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No cross-strait cooperation on territorial issues: MAC

TAIPEI, Taiwan -- Taiwan does not think there is any possibility of joining forces with China in the territorial dispute in South China Sea, according to Taiwan's Mainland Affairs Council (MAC, 陸委會) spokeswoman Wu Mei-hung (吳美紅) yesterday.

Taiwan's government has reiterated its stance several times and the MAC has never changed its policy of not working with China on the issue, Wu told reporters after Ma Xiaoguang, spokesman for China's Taiwan Affairs Office, on Wednesday suggested that the two sides “cooperate” on the South China Sea dispute.

Instead, Wu said President Ma Ying-jeou's 2012 East China Sea Peace Initiative could be expanded to cover areas of the South China Sea, which were once also considered as part of the territory of the Republic of China.

Based on the principle of the undividable sovereignty of Taiwan, Ma's peace initiative suggests an agreed code of conduct for the East China Sea and the possibility of all parties developing and sharing the resources in the region peacefully, Wu said.

Taiwan, Japan and China all lay claim to the Diaoyutais (釣魚臺) in the East China Sea, while series of potentially explosive confrontations have developed recently over disputed territory in the South China Sea, with China, Vietnam and the Philippines in the forefront.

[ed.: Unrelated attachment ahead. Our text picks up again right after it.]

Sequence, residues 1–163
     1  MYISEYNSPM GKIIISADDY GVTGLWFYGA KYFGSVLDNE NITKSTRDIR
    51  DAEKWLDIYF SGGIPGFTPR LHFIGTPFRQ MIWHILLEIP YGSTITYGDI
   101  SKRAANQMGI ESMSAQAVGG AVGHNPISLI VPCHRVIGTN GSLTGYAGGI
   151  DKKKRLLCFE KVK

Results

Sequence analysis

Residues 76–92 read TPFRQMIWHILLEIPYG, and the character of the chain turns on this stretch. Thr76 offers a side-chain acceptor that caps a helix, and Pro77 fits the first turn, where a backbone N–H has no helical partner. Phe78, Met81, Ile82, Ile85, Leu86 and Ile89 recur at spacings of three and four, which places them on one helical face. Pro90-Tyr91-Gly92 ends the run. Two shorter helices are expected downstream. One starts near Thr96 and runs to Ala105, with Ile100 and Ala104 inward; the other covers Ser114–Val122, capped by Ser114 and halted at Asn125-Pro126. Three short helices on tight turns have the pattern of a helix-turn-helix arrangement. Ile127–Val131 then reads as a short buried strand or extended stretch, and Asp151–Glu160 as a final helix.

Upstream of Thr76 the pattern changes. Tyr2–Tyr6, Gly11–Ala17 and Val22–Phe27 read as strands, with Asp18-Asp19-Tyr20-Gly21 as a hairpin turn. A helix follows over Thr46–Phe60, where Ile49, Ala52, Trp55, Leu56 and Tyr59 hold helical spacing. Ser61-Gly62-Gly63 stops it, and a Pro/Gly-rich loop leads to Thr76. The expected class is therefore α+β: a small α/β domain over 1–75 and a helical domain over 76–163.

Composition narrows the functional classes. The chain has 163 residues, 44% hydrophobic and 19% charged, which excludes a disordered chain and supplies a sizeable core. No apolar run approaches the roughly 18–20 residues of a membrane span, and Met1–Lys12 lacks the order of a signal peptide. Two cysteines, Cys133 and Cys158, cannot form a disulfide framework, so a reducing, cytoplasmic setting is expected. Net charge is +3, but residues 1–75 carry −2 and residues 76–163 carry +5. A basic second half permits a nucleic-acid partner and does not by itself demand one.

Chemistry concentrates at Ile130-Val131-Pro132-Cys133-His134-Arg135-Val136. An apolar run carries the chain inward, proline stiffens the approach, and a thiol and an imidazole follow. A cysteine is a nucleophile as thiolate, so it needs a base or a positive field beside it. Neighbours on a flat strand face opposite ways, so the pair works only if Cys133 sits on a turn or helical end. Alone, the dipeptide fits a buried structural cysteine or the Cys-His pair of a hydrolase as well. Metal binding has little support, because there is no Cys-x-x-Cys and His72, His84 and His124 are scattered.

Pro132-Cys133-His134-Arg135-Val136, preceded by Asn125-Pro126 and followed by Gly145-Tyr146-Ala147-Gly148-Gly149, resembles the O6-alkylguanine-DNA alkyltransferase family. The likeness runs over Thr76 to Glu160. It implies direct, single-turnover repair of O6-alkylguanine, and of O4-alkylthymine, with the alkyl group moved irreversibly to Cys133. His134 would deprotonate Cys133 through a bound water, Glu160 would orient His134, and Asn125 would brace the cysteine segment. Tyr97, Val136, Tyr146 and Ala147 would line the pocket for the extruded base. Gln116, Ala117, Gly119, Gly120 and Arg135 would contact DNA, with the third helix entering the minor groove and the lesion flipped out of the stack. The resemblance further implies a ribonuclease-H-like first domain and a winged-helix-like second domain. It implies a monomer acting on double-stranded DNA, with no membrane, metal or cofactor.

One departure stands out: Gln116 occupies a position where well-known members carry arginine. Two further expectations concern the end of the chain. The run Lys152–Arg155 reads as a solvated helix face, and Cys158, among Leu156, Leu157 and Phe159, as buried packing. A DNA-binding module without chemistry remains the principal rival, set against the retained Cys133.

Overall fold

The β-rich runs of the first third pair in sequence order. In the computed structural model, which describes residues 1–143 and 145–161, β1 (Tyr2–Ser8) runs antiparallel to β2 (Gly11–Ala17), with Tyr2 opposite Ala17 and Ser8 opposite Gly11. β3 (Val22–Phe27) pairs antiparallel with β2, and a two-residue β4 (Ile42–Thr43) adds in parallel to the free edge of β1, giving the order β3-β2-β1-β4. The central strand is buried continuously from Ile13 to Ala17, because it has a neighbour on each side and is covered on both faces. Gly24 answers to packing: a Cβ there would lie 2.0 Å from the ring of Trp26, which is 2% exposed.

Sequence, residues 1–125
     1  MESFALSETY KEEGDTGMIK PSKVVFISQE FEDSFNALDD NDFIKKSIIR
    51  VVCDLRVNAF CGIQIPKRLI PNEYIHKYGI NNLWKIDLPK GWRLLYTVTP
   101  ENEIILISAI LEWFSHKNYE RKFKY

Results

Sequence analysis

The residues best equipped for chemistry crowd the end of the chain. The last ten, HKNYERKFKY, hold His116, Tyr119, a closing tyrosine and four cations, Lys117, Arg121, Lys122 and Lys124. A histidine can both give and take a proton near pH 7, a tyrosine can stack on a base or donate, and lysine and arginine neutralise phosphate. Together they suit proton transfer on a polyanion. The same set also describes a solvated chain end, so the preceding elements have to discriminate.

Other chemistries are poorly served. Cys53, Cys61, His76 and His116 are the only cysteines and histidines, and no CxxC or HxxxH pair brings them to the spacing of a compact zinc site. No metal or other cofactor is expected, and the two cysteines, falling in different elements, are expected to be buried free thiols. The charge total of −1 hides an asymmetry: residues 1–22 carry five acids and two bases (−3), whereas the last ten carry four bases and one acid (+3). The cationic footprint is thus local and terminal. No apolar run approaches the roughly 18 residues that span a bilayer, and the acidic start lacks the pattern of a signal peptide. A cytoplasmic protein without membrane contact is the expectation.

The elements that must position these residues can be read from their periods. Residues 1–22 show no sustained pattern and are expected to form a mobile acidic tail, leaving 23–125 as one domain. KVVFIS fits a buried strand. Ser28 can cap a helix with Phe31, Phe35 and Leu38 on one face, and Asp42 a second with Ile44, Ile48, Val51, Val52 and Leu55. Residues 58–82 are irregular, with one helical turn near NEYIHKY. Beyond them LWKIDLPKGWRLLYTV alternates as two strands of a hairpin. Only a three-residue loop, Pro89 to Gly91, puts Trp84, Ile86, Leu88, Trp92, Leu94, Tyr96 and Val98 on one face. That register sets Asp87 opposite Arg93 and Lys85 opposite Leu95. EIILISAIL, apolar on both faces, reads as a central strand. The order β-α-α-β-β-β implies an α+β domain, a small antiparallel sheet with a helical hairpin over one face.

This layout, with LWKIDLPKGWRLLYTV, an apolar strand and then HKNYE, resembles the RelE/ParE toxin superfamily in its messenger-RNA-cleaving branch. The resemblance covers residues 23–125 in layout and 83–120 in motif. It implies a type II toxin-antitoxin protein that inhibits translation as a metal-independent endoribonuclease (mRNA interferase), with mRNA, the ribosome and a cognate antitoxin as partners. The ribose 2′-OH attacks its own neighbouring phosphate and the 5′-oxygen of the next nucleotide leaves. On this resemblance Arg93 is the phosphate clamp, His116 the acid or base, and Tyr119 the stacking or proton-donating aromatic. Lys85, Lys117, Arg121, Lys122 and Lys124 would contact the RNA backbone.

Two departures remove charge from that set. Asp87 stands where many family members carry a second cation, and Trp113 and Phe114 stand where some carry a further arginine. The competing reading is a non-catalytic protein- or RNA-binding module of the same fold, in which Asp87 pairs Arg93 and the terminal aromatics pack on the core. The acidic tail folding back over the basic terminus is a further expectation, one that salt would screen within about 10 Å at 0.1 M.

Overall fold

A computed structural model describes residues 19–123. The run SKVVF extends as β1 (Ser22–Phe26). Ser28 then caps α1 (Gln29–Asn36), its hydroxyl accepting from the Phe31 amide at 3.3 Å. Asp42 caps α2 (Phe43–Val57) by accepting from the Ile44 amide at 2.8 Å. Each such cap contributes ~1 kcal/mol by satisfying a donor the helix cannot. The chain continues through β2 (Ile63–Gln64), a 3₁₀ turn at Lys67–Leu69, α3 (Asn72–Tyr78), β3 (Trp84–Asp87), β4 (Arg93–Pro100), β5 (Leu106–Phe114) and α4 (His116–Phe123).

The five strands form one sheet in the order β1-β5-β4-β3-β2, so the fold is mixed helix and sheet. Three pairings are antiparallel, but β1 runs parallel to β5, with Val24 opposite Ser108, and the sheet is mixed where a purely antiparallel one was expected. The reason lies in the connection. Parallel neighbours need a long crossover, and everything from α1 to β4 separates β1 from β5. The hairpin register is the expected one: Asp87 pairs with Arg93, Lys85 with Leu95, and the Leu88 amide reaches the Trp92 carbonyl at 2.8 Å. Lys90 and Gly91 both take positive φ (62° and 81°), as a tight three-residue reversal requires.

Earlier Thursday, Foreign Minister David Lin (林永樂) also said Taiwan will not cooperate with China on the territorial issues and noted that anti-China protests in Vietnam have affected Taiwanese businessmen there.

The riots erupted earlier in the week after Vietnamese crowds took to the streets to protest a Chinese oil-drilling venture in an area of the South China Sea also claimed by Hanoi.

Hundreds of Taiwanese-sponsored companies in Vietnam have been affected by the riots and two Taiwanese have been injured.

According to media reports in Vietnam, hundreds of ethnic Chinese have fled Vietnam into neighboring countries, including Cambodia, to escape the unrest.

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